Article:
Progrès du projet MedSNAIL lors de la crise du COVID-19 : premières analyses documentaires par les partenaires sur l'état de l'art des systèmes agroalimentaires durables en Méditerranée

Picture from Michi-Nordlicht at Pixabay

The health crisis provoked by the expansion of Covid-19 all over the world is undoubtely having an important impact on the normal development of european projects, as most of them deal with issues that need to be tested on the territory, for which mobility is of outmost importance. Transnational cooperation means working on a topic  locally under a common approach agreed by a number of partners, and exchange experiences and know-how, trying to transfer good practices into other contexts.

European projects act as real ideas labs where to test and implement new ways of doing to improve governance, and management of resources with a wide approach involving innovative and experimental methodologies as a result from cooperation with  european counterparts.

No contingency plan could foresee the development of a pandemic which would prevent people from going out and doing normal life, we are at a rare ocurrence and we must find ways to go on working with our projects, adapting working plans to the current situation.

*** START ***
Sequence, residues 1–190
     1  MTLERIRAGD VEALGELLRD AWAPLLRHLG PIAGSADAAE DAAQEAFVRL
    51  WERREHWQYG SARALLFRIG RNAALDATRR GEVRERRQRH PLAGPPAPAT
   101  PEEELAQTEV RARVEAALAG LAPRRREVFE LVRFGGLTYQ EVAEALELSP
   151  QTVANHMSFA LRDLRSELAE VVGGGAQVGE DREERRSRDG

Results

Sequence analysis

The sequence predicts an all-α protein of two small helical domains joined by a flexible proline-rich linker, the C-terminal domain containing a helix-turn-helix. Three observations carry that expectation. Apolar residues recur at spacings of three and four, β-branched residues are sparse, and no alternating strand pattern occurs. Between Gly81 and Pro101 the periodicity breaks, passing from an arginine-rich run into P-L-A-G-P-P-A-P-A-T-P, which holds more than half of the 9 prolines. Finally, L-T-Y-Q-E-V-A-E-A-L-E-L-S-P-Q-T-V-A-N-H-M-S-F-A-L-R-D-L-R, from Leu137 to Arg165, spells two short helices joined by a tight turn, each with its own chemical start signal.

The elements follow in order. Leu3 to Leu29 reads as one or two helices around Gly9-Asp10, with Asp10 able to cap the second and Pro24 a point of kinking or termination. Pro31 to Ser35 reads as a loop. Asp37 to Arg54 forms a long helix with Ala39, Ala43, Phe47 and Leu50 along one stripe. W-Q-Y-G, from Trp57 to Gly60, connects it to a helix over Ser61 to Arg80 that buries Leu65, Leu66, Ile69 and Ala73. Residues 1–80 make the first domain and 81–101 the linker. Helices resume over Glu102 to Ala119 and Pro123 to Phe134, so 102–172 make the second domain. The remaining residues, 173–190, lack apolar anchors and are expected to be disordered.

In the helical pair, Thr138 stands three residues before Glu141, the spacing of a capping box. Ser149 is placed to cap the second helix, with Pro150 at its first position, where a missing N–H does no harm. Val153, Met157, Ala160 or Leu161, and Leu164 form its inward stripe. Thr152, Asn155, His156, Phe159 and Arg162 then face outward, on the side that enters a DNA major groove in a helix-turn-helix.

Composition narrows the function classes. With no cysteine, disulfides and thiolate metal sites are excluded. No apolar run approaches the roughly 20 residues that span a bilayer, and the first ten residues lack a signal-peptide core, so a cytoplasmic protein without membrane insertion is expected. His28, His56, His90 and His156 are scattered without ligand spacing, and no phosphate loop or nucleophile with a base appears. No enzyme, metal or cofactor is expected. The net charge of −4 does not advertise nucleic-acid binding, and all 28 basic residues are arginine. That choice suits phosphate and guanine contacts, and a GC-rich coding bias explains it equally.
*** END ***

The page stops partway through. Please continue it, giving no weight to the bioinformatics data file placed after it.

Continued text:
That is what we’re trying to do in MedSNAIL.  Some weeks ago all partners had a virtual meeting and decided an alternative path for our project, to be tried along the following two or three months, this way leaving summer the possibility to mark a turning point in the development of Covid-19. 

MedSNAIL wants to test a methodology, inspired by the Slow Food approach, with the aim of saving and valorising local agro-food products strongly linked to local communities and territories, in order to preserve agro-biodiversity and intangible cultural heritage, empower local farmers and trigger a more socially and environmentally sustainable rural development. At present, we are at the stage of mapping products (raw materials, animal breeds, processed products, traditional techniques, recipes) present in the area of intervention, and assess their potential in terms of conservation of the cultural and environmental heritage, as well as their potential to boost virtuous territorial dynamics from a socio-cultural, environmental and economic point of view. 

The first phase of this mapping includes desk reviews by all partners aimed at analysing the target contexts and first approachment to stakeholders in the territories. Preliminary diagnosis have been made by every partner, which were to be pooled and confronted in the frame of a workshop addressed to project partners scheduled to be held in Beirut in June, with the aim to support partners to identify stakeholders and local leaders.